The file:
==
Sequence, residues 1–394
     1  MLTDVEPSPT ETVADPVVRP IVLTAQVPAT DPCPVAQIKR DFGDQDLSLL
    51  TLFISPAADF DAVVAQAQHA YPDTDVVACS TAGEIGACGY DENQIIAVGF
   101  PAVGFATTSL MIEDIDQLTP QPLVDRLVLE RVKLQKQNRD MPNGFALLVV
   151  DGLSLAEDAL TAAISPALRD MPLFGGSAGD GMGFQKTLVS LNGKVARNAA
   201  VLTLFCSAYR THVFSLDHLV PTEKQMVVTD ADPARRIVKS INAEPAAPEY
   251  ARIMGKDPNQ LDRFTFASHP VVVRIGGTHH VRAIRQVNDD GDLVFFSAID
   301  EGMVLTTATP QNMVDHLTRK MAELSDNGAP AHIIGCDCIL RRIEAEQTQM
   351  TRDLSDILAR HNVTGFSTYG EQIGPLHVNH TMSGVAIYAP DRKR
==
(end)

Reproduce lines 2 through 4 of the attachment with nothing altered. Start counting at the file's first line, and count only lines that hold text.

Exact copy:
     1  MLTDVEPSPT ETVADPVVRP IVLTAQVPAT DPCPVAQIKR DFGDQDLSLL
    51  TLFISPAADF DAVVAQAQHA YPDTDVVACS TAGEIGACGY DENQIIAVGF
   101  PAVGFATTSL MIEDIDQLTP QPLVDRLVLE RVKLQKQNRD MPNGFALLVV